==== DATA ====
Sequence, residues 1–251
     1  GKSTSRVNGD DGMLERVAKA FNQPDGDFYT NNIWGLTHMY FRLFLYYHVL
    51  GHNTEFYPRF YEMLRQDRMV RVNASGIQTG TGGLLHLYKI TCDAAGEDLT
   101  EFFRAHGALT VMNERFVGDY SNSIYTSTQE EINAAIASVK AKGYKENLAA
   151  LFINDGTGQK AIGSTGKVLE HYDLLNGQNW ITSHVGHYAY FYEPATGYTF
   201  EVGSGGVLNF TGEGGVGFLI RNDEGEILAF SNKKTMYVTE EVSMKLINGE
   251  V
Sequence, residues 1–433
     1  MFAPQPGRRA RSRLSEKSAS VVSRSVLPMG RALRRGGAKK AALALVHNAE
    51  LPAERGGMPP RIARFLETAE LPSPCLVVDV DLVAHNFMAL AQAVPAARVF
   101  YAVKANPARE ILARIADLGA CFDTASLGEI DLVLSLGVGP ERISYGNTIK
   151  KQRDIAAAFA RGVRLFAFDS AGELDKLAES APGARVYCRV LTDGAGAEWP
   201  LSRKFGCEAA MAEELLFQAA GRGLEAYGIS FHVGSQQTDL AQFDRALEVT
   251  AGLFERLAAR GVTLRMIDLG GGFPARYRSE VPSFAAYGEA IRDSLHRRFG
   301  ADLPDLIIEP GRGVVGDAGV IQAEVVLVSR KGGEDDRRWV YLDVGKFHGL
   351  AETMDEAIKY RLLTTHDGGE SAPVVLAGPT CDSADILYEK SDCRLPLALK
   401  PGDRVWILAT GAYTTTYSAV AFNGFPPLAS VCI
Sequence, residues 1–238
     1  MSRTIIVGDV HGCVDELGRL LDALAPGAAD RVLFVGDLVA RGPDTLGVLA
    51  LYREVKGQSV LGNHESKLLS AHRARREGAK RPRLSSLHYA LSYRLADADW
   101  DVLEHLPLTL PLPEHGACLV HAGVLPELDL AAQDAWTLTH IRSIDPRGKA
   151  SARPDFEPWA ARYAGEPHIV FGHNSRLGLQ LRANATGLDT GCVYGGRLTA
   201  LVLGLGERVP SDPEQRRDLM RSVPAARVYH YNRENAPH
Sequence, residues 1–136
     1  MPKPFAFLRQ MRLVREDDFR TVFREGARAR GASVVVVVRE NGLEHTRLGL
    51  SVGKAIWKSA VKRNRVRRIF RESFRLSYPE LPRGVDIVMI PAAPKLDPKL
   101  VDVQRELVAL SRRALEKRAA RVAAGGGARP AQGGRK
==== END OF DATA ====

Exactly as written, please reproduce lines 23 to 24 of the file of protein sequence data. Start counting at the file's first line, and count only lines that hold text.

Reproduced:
   201  LVLGLGERVP SDPEQRRDLM RSVPAARVYH YNRENAPH
Sequence, residues 1–136